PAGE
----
That we can’t gaze on his refulgent light,
When, at the self-same time, he cheers the Earth,
And gives the various Plants and Blossoms Birth?
How does the Winter look, that naked thing,
Compar’d with the fresh glories of the Sping?
Rivers adorn the Earth, the Fish the Seas,
Flowers and Grass the Meadows, Fruit the Trees,
The Stars whose Fields of Air through which they ride;
And Woman all the works of God beside!
Yet base, detractive Envy won’t allow
They should adorn themselves: then pray, Sir, now
Produce some Reasons why y’are so severe;
For, Envious as you are, you know they’re Fair.

     And so were Sodom’s Apples, heretofore,
But they were still found rotten at the Core.
Nature, without dispute, made all things fair,
And drest ‘em in an unaffected Air:
Proclaim their Maker’s boundless Love and Power;
But they as they were made at first remain,
And all their ancient Lustre still retain.
Nothing but vain, Fantastick Woman’s chang’d,
And through all mischiefs various Mazes rang’d:
Yet, that they’re Beautiful is not deny’d;
But, tell me, are th’ unhandsome free from Pride?
No, no; the straight, the crooked, ugly, fair,
Have all, promiscuously, an equal share.
Thus, Sir, you see how they’re estrang’d and straid
From what, by Nature, they at first were made.

     Already many of their Crimes I’ve nam’d;
Yet that’s untold for which they most are fam’d:
A ‘’Sin,’‘ tall as the ‘’Pyramids’‘ of old,
From whose aspiring top we may behold
Enough to damn a World: - what should it be,
But (Curse upon the Name!) ‘’Inconstancy?’‘
O tell me, does the World those Men contain,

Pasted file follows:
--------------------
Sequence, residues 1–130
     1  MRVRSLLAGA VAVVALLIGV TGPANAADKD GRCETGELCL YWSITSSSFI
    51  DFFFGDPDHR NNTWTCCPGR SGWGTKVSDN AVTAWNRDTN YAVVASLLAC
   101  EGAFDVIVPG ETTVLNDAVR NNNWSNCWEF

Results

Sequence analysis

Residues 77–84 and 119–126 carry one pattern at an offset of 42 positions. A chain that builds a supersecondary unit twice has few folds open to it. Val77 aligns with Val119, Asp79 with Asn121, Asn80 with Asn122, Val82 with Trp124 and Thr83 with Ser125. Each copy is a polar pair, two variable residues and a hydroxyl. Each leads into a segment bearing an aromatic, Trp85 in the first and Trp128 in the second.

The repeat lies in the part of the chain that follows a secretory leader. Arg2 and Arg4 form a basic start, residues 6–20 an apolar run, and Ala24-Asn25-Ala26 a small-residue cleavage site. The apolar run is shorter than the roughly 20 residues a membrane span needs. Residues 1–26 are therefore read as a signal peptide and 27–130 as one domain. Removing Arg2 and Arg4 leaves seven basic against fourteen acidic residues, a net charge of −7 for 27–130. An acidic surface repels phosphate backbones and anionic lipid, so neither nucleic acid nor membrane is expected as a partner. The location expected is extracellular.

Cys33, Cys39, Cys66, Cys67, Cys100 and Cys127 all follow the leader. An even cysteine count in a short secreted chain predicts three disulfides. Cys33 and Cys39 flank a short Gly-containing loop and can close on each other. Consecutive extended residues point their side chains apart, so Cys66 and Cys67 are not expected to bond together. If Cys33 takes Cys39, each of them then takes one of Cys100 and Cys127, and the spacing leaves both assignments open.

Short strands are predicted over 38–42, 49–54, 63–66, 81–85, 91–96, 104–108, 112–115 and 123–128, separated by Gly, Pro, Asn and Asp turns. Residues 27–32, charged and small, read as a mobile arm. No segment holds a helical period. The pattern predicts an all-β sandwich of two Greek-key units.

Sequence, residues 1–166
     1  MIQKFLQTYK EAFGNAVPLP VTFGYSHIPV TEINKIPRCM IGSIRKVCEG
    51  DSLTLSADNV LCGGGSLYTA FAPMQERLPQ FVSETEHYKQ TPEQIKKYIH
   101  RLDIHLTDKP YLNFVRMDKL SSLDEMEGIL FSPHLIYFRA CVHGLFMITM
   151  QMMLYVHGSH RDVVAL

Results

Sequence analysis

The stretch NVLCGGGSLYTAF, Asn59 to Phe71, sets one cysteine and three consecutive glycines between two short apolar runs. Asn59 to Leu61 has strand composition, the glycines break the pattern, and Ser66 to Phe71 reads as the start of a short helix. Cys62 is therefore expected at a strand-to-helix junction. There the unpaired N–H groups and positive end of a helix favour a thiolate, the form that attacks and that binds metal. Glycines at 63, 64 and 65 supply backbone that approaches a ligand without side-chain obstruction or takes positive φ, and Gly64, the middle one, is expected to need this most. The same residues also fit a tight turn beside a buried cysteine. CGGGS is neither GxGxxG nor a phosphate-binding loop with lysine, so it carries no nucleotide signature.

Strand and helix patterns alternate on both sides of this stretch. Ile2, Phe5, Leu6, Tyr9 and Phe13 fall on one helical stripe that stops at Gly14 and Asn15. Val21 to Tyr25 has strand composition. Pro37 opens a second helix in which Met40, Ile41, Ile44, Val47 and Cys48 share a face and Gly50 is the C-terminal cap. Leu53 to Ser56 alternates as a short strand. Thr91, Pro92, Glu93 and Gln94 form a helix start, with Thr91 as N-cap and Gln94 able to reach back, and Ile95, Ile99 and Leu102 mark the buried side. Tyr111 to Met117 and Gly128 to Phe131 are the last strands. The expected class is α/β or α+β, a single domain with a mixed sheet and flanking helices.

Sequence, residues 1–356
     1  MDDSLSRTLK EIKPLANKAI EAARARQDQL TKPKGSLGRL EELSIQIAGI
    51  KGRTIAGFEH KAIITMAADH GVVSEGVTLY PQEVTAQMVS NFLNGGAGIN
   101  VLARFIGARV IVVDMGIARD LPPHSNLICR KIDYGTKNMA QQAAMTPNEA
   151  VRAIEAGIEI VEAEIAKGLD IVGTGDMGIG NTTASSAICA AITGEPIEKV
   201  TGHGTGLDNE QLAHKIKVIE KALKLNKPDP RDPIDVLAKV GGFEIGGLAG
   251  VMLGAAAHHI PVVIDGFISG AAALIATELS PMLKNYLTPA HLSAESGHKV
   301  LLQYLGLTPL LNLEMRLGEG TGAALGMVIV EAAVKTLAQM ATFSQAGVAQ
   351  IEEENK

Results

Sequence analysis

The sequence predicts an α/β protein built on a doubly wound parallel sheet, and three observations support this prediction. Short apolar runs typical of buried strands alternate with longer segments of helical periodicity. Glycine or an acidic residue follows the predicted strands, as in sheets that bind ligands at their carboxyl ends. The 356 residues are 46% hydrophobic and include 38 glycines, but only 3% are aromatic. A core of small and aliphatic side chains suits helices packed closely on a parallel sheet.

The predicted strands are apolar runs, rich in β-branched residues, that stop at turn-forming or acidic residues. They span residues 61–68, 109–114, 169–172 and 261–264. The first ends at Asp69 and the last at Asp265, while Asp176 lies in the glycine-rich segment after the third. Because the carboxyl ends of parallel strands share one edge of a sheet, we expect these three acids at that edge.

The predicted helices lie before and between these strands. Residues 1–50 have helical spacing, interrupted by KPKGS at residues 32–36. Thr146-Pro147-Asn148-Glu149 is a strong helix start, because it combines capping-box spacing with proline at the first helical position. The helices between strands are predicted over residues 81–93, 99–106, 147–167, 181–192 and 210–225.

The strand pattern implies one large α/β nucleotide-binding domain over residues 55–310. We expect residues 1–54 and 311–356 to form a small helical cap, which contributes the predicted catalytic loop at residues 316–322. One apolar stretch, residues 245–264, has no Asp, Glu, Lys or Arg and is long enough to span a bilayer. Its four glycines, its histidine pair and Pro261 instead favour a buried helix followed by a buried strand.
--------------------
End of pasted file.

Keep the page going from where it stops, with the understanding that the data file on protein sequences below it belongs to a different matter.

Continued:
(For I have look’d for such, but look’d in vain)
Who ne’er were drawn into that fatal snare?
Fatal I call it, for he’s curst that’s there.
Inspir’d then by my Fellow-Surferers wrongs,
(And glad I am the task to me belongs)
I’ll bring the ‘’Fiend’‘ unmask’t to human sight,
Though hid in the black Womb of deepest night.
No more the Wind, the faithless Wind, shall be
A ‘’Simile’‘ for their ‘’Inconstancy’‘
For that sometimes is fix’t; but ‘’Woman’s’‘ mind
Is never fixt, or to one point inclin’d:
Less fixt than a Storm the Billows are,
Or trembling Leaves the ‘’Aspen’‘ Tree does bear,
Which ne’r stand still, but (every way inclin’d)
Turn twenty times with the least breath of wind.
Less fixt than wanton ‘’Swallows’‘ while they play
In the Sun-beams, to welcome in the Day;
Now yonder, now they're here, as quickly there,
In no place long, and yet are every where.
Like a toss’d ‘’Ship’‘ their Passions fall and rise; }
One while you’d think it touch’t the very Skies, }
When straight upon the Sand it grov’ling lies. }
Ev’n she her self, ‘’Silvia’‘ th’ lov’d and fair,
Whose one kind look could save me from ‘’Despair,’‘
She, she whose Smiles I valu’d at that rate,
To enjoy them I scron’d the Frowns of Fate;
Ev’n she her self (but ah! I’m loth to tell,
Or blame the Crimes of one I lov’d so well;
But it must out – ) ev’n she, swift as the Wind, }
Swift as the Airy Motions of the mind, }
At once prov’d false and perjur’d, and unkind! }
Here they, to day, invoke the Powers above
As Witnesses to their Immortal love;
When lo! Away the ‘’airy Phantom’‘ flies,
And e’r it can be said to live, it dies:
Thus, all Religious Vows and Oaths they break
With the same ease and freedom as they speak.
Nor is that sacred Idol, ‘’Marriage,’‘ free;
‘’Marriage,’‘ which musty Drones affirm to be
The Tie of Souls as well as Bodies! nay, }
The Spring that does, through unseen Pipes, convey }
Fresh sweets to life, and drives the bitter dregs away! }
The sacred ‘’Flame,’‘ the Guardian ‘’Pile of Fire’‘ }
That guides our steps to ‘’Peace!’‘ nor does expire, }
Till it has left us nothing to desire! }
Ev’n thus adorn’d, the ‘’Idol’‘ is not free
From the swift-turns of their ‘’Inconstancy:’‘
Witness th’ ‘’Ephesian Matron,’‘ - - - -
Who to the Grave with her dead Husband went,
And clos’d her self up at his ‘’Monument,’‘
Where on the cold Marble she lamenting lay; }
In sighs she spent the night, in tears the day, }
And seem’d to have no use of Life, but to mourn it all away: }
The wond’rignt World extoll’d her faithful mind,
Extoll’d her as the best of Womankind!
But see the World’s mistake, and, with it, see